GDP, Rate Decision and Ivey PMI: are the market movers this week. Here is an outlook on the major events and an updated technical analysis for USD/CAD.
Canadian retail sales dropped by 0.2% in December due to lower auto sales. The low numbers will weigh on the reading for December gross domestic product however analysts still expect annualized fourth quarter growth to be above the Bank of Canada’s 2.3 percent forecast.
USD/CAD daily chart with support and resistance lines marked. Click to enlarge:
- GDP: Monday, 13:30. Canada’s economy grew at a faster pace of 0.4% in the fourth quarter than the central bank projected in the previous month, when it estimated a 2.3 percent annualized pace for the last three months of 2010. The rise in exports and employment prompted investors to raise bets that Carney will accelerate interest rate increases this year. A gain of 0.3% is expected now.
- Current Account: Monday, 13:30. Canada’s current account deficit widened more than expected in the third quarter totaling C$17.54 billion ($17.20 billion), compared with a revised second-quarter deficit of C$12.98 billion. Analysts forecasted a C$15 billion deficit. Weak US demand for Canadian goods was the major cause for this increase. Canada’s current account deficit is expected to decrease by C$ 9.4 billion.
- Rate Decision: Tuesday, 14:00. The Bank of Canada held its key interest rate steady at 1% for the third time after raising rates three times between June and September. Policymakers refrain from withdrawing extraordinary stimulus measures in light of the slowdown in the Canadian. Economy. Analysts believe the bank is unlikely to push Canadian rates much above their U.S. equivalents to prevent strengthening the Canadian dollar. Rate is not expected to change.
- RMPI: Wednesday, 13:30. Canadian raw materials prices soared above expectations in December rising 4.2% while Industrial Product Price Index increased for a fifth straight month, gaining 0.7% since petroleum and metals prices rose sharply. Analysts expected raw materials prices to rise 3.3%. Compared with the same month a year earlier, raw materials prices were up 13.2 percent, following a 6.9 percent increase in November. RMPI is predicted a 3.2% gain while the IPPI is forecasted 0.5% climb.
- Ivey PMI: Friday, 15:00. Purchasing activity in the Canadian economy decreased unexpectedly in January to 41.4 from 50 in December. This fall below 50 indicates that activity slowed in January. Economists had forecast a reading of 53. This surprising figure does not coincide with the surge in Canadian job growth that month. Purchasing activity is expected to climb to 49.6.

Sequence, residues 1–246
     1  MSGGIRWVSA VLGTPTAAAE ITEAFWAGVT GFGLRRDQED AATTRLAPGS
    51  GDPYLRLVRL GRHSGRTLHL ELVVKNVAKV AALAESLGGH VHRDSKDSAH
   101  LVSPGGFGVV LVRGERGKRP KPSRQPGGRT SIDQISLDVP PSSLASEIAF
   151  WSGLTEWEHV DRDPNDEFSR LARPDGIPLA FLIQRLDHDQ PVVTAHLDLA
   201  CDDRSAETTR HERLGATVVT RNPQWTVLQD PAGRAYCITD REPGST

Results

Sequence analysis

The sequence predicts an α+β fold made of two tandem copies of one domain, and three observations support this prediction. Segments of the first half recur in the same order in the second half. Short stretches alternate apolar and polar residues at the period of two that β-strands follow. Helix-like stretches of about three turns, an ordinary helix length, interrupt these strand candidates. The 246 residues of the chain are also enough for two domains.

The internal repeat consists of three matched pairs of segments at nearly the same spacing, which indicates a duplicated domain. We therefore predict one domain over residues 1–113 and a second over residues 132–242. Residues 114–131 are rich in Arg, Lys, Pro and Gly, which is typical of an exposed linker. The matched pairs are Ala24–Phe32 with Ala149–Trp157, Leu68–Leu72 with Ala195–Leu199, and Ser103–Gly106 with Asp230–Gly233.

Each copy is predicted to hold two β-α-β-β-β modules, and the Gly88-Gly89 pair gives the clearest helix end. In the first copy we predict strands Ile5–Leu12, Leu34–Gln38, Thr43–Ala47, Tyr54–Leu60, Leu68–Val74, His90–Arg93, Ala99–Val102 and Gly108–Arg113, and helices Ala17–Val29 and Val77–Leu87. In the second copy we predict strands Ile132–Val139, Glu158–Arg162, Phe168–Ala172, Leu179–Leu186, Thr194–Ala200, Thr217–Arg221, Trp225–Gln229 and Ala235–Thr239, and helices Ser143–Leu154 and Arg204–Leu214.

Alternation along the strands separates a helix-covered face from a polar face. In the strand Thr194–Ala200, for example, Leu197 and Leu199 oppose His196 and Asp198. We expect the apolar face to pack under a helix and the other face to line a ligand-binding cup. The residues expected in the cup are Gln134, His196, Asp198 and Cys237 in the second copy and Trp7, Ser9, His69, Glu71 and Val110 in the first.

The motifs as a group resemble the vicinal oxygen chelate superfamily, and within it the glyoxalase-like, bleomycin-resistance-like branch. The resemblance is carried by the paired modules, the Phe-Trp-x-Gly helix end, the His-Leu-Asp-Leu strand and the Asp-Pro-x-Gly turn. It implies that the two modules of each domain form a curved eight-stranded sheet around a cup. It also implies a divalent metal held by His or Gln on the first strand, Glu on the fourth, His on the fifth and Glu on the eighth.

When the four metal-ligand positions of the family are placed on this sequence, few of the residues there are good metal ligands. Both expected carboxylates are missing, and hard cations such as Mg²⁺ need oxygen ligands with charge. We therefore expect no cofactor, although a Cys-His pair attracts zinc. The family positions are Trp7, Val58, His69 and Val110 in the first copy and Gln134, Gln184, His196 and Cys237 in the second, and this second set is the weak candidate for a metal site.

All times are GMT.
USD/CAD Technical Analysis
The Canadian dollar began the week with a retreat – USD/CAD flirted with the 0.9930 line (discussed last week) before dropping back down. In the last hours of the week, the pair fell and breached through the 0.98, closing at 0.9777 – the lowest level since May 2008.
Looking down, there aren’t too many lines down there. After the break below 0.98, the next line is 0.97, which also was a support line back in 2008, when commodity prices were soaring. It’s followed by 0.96, which is a minor line – a stepping stone on the way down.
The fall to the all time low, back in November 2007, was quite fast – the record was set at 0.9056 – this is still far.
Looking up, 0.98 now serves as immediate resistance, after being breached. This was support in 2008. It’s closely followed by 0.9840, which worked as a strong cushion in recent weeks, and now works as resistance.
The next line is 0.9930. It was the bottom in 2010 and a pivotal line recently. Above this line, USD/CAD parity is the obvious line of resistance, working in both directions in the past few months. Despite being overridden, it still is of importance.
Higher, 1.0060 is the highest level in the past months and is another resistance line – a minor one. It’s followed by 1.0140, which served as resistance in December and also as support in the past.
Further above, 1.0280 also served in both directions, taking the role of resistance in the last encounter. 1.0380 was another resistance line, that capped a break more than once, and is strong resistance.
I remain bearish on USD/CAD.
More oil related reading:
- Libya Attacked by NATO? Oil Prices Leap, Dollar Falls – An update on the situation of the civil war that rocks oil prices and boosts the Canadian dollar.
- FX Pairs Mirror Oil Concern – How oil moves all the currencies.
- Profiting from the oil rally using binary options – an alternative way to ride oil prices.
- For a broad view of all the week’s major events worldwide, read the USD outlook.
- For EUR/USD, check out the Euro/Dollar forecast.
- For the Japanese yen, read the USD/JPY forecast.
- For GBP/USD (cable), look into the British Pound forecast.
- For the Australian dollar (Aussie), check out the AUD to USD forecast.
- For the New Zealand dollar (kiwi), read the NZD forecast.
- For USD/CAD (loonie), check out the Canadian dollar.